Lot #554
Beatles: George Harrison

BECOMING THE BEATLES: One of the earliest and finest letters of GEORGE HARRISON, complaining to former bandmate Stu Sutcliffe of a “murderous” workload, reporting on John’s blunt review of the Marcels, and proudly touting the success of the Fab Four’s first appearance on vinyl
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Description

BECOMING THE BEATLES: One of the earliest and finest letters of GEORGE HARRISON, complaining to former bandmate Stu Sutcliffe of a “murderous” workload, reporting on John’s blunt review of the Marcels, and proudly touting the success of the Fab Four’s first appearance on vinyl

Extremely early ALS signed “George,” three pages, lightly-lined, 8 x 10, August 17, 1961. Letter written from Liverpool to his friend and former band mate, Stuart Sutcliffe, and originally acquired from Astrid Kirchner after the death of Sutcliffe. In full: “Thanks for the records. They aren’t as good as the play-back at the studio, but that was stereo, anyway everybody thinks it’s great and I gave 1 copy to Bob Wooler, and it has been played everywhere at all the halls and they like him. There’s that feeling (when speaking to a member [or members] of other groups) ‘showed you again’! cos I think a lot of people didn’t really believe we had made anything and no matter what anybody says it’s Beatles on a ‘real’ record. I didn’t get the hang of the ‘Beat Brothers,’ though. Is Sheridan back yet. If you ever see him in between recording television—tours, filming, etc., remind him of the fab backing he had.” On the Beatles’ first visit to Hamburg in 1960, they met rock and roller Tony Sheridan and became friends with him. On their second visit, now minus Sutcliffe, in April 1961, the Beatles backed Sheridan in a series of stage performances, under the name “Tony Sheridan and the Beat Brothers.” The Beat Brothers’ lineup was notoriously nebulous, and among the various musicians who briefly passed through the ranks were John Lennon, Paul McCartney, George Harrison, and Pete Best. It was this early incarnation of the Beatles that backed Sheridan in mid-1961 on at least three tracks: “My Bonnie,” “The Saints,” and “Why (Can’t You Love Me Again).” Much of the information on the sessions remains murky, based on memory and conjecture; the true and complete circumstances will likely never be determined, though it is also widely agreed that the same date generated “Ain’t She Sweet” (sung by Lennon) and the instrumental “Cry for a Shadow.”) Harrison continues: “‘Get us on M9.’ Last Friday, Sam [Leach] did it again. He had ‘Operation Big Beat’ with us—Rory—Gerry—Dominoes—Remo 4—at the Tower Ballroom and had 3,000 + there at 5/- each. We got £30 for 2 hrs—and we were on His Bests as well for £15. He had it open until 1 AM with 2 bars until 11-30. Now he has ‘operation big beat II’ only 6/- a go, open until 2 AM and 3 bars until 12-45. I think he will overdo the novelty on the next one or when he charges 30/- a ticket with 250 bars open until 10 AM. That’s just like Sam. I always remember him saying ‘I’ve got 10 groups booked for Friday, and no hall to put them on!’ He made a fortune though and has invited us—Gerry & group & Rory & Hurry’s to tea on Sunday. We are booked up every night except Monday now—it’s murder. I’m running around trying to cancel them. [I like going to the pictures instead of playing!] We saw Alan Williams and he said he saw you in the Fair, also Bonny is on every jukebox in Hamburg. Have you seen the German Top 20. Is it in yet? Has our photo come in any magazines? If it has send a few hundred. Can you send another 20 My Bonnies I think £5 should be enough. If it is not, then send as many as you can get for £5.” “My Bonnie” sold some 100,000 copies and reached the West German Top Five; it was credited to Tony Sheridan and the Beat Brothers as a result of label fears that “Beatles” bore too much similarity to the German “peedles,” slang for the male organ. Harrison goes on: “How many marks in £1, as everyone is going 4 records for a £1, and even though I got 2 for 10/- I’ve got that feeling that someone isn’t going to get 12 Mrs. Best. Could you write how many records you get each for £1 as it will save me a lot of messing. How is your appendicitis!! Are you ever going to have them done, if it is not too personal a thing to ask? I’ve got a drum-kit now, only cheap ones but O.K. for messing around on. I’m looking for some record[s] that you might like. There is a Marcels out but I haven’t heard it yet. John said it’s crap. Bob Woller has started calling John the ‘Singing Rage,’ and it’s catching on. Quite a good name. Do you remember a group called the Ravens with a midget hunchback. Well they have kicked someone out, and it is now Faron & the Flamingoes. Remember George Spruce or Gene Day who sang with Django Beas. Well they kicked him out a while back and he is with the Farons old group Earl Preston and the T. Ts. [Tempest Tornadoes]. They are bringing them in, like we used to in the old days! Anyway tarararara Stu, I hope you and Astrid are both well, I feel ill, don’t forget the records, and I think we may pop to Hamburg January or Feb, but we will wait until the people are shouting us off every night first.” This letter is reproduced on pages 132 and 133 of Hamburg Days by Astrid Kirchherr and Klaus Voormann. In fine condition, with intersecting mailing folds and a bit of trivial edge toning. The extremely early date, Harrison’s colorful view of the Merseybeat scene and multiple references to the Beatles’ fabled debut on vinyl, and the highly significant recipient grant the present item status as nothing less than one of the finest Beatles letters extant! COA Roger Epperson/REAL and R&R COA.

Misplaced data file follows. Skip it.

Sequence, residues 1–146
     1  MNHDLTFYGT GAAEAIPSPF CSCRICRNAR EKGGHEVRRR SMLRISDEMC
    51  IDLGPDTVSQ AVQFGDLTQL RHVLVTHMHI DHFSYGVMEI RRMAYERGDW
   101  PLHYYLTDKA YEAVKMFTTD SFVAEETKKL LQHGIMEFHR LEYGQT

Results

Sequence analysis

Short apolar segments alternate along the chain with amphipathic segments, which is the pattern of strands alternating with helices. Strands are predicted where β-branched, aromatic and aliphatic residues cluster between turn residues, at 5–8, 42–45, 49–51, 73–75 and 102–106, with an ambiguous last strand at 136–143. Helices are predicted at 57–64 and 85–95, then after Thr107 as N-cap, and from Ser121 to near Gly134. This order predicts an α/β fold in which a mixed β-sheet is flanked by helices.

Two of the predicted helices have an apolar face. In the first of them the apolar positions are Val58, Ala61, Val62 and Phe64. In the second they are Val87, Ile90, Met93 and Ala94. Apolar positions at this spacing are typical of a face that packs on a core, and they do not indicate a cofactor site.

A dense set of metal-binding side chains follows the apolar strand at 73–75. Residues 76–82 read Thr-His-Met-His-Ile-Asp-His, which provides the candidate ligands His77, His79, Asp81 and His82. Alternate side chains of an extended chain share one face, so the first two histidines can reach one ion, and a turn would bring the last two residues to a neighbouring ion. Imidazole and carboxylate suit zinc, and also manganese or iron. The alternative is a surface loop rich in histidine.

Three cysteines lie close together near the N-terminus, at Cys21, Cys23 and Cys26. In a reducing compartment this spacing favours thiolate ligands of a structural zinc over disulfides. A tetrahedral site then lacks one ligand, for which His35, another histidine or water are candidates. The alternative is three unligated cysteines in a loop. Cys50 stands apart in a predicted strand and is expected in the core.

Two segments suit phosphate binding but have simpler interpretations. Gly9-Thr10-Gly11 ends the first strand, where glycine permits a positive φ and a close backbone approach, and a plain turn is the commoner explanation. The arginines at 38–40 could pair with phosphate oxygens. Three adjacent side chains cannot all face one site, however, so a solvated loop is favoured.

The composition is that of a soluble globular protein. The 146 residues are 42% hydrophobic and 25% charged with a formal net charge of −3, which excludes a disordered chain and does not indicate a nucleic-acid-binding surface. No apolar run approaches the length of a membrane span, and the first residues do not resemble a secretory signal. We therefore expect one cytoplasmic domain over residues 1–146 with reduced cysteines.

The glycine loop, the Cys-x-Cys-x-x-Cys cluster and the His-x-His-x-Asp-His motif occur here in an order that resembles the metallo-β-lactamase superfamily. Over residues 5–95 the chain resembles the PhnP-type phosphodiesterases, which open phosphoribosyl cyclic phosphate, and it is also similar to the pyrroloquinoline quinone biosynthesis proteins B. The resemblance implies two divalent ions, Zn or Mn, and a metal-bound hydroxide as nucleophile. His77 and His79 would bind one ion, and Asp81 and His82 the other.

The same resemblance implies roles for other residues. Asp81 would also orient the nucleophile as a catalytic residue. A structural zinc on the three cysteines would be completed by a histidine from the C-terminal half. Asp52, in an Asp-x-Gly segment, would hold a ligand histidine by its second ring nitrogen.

Auction Info

  • Auction Title:
  • Dates: #325 - Ended September 19, 2007